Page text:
POLES were convinced by Alexander Kwasniewski's campaign slogan, ''Let's Choose the Future,'' when they defeated President Lech Walesa. But now the former Communist must prove that his party's vision of the future will not be a return to the past.
President-elect Kwasniewski will not have an easy task of uniting Poland for the future. His election ends an era of the legendary Mr. Walesa, who started out as a young electrician leading protests in 1980 at the Gdansk shipyard with the Solidarity trade union against Communist treatment of workers.
That era peaked with the fall of Communism in 1989 and Walesa's election as president five years ago.
Before Sunday's election, his post-Communist Democratic Left Alliance party (SLD) controlled the government and parliament. But by gaining the presidency as well, the SLD now has what Polish political analysts call a ''triple.'' The SLD will directly affect democratic reforms, developing a new constitution, relations between the state and the Roman Catholic Church, and entry into NATO and the European Union.
''Tomorrow you will wake up in the same Poland,'' assured Kwasniewski at his election-night party once it seemed certain he would win.
Early exit polls had Walesa and Kwasniewski running virtually even, but Kwasniewski ultimately beat Walesa 51.7 percent to 48.28 percent, with more than two-thirds of Poland's electorate voting.
During the campaign, much of the rhetoric against Kwasniewski declared he would halt democratic reforms and return government back to the days of the Polish People's Republic. The rhetoric polarized the electorate, but Kwasniewski fought to shed that image of his past. He paid tribute to democracy during the presidential debates for allowing him the chance to run for president, a chance he would not have had under the old system, he said.
But politicians from the center and the right still mistrust Kwasniewski and the SLD. Economist Leszek Balcerowicz, leader of the centrist Freedom Union party and architect of ''shock therapy'' reforms in Poland, says that over the last two years (since the SLD won a majority in parliament) the SLD has slowed privatization. Many opposition politicians also say ex-Communists will rebuild the old Communist Party nomenclature.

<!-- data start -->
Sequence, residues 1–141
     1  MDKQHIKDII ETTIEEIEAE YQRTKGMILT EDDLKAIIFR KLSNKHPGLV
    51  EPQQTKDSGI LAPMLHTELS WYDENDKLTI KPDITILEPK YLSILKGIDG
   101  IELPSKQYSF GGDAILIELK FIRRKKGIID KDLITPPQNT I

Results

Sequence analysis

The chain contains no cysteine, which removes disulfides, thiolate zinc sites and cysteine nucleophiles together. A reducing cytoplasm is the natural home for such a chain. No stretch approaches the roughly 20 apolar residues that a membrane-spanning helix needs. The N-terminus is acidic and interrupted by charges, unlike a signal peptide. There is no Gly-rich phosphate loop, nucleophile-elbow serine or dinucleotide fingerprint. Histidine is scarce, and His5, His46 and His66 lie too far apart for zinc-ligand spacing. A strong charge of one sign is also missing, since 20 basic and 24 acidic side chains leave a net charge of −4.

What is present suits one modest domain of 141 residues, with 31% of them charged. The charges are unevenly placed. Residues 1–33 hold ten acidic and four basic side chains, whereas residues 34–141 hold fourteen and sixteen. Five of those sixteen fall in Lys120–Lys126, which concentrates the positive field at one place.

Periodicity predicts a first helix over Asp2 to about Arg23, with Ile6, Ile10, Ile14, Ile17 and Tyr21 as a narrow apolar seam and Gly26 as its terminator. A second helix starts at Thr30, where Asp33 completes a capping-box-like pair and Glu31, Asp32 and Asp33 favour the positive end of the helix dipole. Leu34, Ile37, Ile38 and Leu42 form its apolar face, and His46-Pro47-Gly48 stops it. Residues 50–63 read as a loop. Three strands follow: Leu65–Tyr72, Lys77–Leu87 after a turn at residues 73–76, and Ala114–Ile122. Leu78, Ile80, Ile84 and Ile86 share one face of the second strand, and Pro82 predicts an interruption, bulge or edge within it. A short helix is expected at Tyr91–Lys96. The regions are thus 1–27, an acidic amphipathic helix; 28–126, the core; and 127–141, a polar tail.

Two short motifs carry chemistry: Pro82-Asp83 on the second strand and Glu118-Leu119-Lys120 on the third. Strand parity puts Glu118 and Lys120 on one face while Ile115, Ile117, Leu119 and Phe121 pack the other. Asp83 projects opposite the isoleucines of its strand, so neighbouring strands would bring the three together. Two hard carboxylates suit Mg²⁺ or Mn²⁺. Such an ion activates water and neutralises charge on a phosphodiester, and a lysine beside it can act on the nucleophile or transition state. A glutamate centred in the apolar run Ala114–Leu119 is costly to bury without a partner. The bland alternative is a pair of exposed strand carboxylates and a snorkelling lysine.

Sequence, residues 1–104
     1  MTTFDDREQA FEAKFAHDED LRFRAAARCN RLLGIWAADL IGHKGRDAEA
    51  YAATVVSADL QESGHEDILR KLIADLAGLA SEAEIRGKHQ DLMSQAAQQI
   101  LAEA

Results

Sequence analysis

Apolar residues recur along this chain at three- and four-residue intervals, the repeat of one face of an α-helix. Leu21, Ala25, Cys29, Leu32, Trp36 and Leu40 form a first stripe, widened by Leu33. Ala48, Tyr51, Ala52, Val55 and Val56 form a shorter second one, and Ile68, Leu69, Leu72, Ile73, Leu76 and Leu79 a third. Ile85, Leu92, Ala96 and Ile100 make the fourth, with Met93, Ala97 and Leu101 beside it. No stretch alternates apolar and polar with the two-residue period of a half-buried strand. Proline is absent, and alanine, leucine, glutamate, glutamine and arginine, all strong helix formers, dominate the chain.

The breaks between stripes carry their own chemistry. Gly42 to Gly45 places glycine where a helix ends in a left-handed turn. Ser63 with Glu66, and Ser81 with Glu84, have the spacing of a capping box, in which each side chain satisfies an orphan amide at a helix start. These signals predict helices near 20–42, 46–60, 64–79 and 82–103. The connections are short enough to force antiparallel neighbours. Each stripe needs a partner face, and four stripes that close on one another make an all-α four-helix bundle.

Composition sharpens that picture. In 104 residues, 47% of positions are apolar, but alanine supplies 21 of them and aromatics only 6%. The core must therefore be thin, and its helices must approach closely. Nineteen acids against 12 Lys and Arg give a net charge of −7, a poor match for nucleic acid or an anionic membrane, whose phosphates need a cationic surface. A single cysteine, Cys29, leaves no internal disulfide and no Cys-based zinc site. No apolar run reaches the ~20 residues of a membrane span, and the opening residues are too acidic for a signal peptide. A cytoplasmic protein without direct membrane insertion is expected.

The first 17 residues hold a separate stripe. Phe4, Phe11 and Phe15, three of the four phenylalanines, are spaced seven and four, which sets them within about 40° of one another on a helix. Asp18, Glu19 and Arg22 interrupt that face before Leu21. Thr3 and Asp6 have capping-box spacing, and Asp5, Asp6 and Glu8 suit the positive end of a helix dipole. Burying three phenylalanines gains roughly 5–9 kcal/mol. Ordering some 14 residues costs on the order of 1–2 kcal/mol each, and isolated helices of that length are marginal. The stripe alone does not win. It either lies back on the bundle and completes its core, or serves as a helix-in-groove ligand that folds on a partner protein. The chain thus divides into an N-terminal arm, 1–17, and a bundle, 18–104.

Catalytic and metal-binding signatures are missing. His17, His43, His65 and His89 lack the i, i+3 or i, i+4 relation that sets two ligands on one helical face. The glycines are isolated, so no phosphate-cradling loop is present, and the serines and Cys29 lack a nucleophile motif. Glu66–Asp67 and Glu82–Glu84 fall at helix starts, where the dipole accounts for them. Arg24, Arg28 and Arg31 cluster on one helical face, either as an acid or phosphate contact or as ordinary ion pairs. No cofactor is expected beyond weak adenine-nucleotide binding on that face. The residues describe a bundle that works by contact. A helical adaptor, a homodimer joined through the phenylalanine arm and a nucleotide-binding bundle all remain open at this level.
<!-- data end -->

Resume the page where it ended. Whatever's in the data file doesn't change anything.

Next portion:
''Behind Kwasniewski there are a lot of people who come from the elite of the former regime,'' says Piotr Sztompke, a political sociologist at Krakow's Jagiellonian University.
''These people disappeared from political life over the last six years and took part in economic life to become affluent through industrial ventures. Now they are ready to come back to political life with their old habits and they are economically stronger,'' he adds.
Adam Michnik, a former dissident and editor of Poland's most popular newspaper, wrote that the results signify ''the return of the inheritors of Poland's Communist dictatorship.''
He wrote that ''Poles were tired of Lech Walesa,'' but cautioned that ''although Poles chose the more professional politician, the future is unknown.''
Political analysts say new tensions will develop in the streets because the parties on the right and anti-Communist groups are outside the political system. But Walesa said that he ''will respect the verdict of democracy whether it is for or against'' him.
EU officials say they expect Kwasniewski to continue reforms. But since he is a former Communist, his victory may inspire other, less-reform minded ex-Communists to seek electoral office.
A wary senator
US Sen. Hank Brown (R) of Colorado told Polish TV that if Kwasniewski were elected Brown would take a wait-and-see attitude over Poland's joining NATO. He said membership in NATO and the EU ''could be troublesome'' if the reforms don't continue.
''I have no doubts about my pro-European Union and pro-NATO orientation,'' said Kwasniewski during electoral debates. ''Poland can be in NATO with a President Kwasniewski.''
In order to unite the country as he says he wants to, Kwasniewski will also have to convince Poland's powerful Roman Catholic Church that he is not an enemy. Early on voting day, Poland's Catholic primate, Cardinal Jozef Glemp, released a statement that the vote is a choice between ''Christian values and pagan values.''
But once it seemed Kwasniewski was winning, the secretary of the Episcopate said the church was ''ready to cooperate'' with the new president.
The church, which was a partner with Solidarity in the defeat of Communism, has been critical of the SLD's secularization of Polish society; Kwasniewski favors the separation of church and state.
Mr. Sztompke says the SLD will have great influence over a new Polish constitution. With the right and center parties playing a minor part in the political process this could lead to a restricted press law, which has been proposed, and other restrictions.
''We haven't had much experience in democracy since World War II,'' he says. ''We haven't developed the things needed to run an established democracy and we can't stop the process of advancing toward [one].''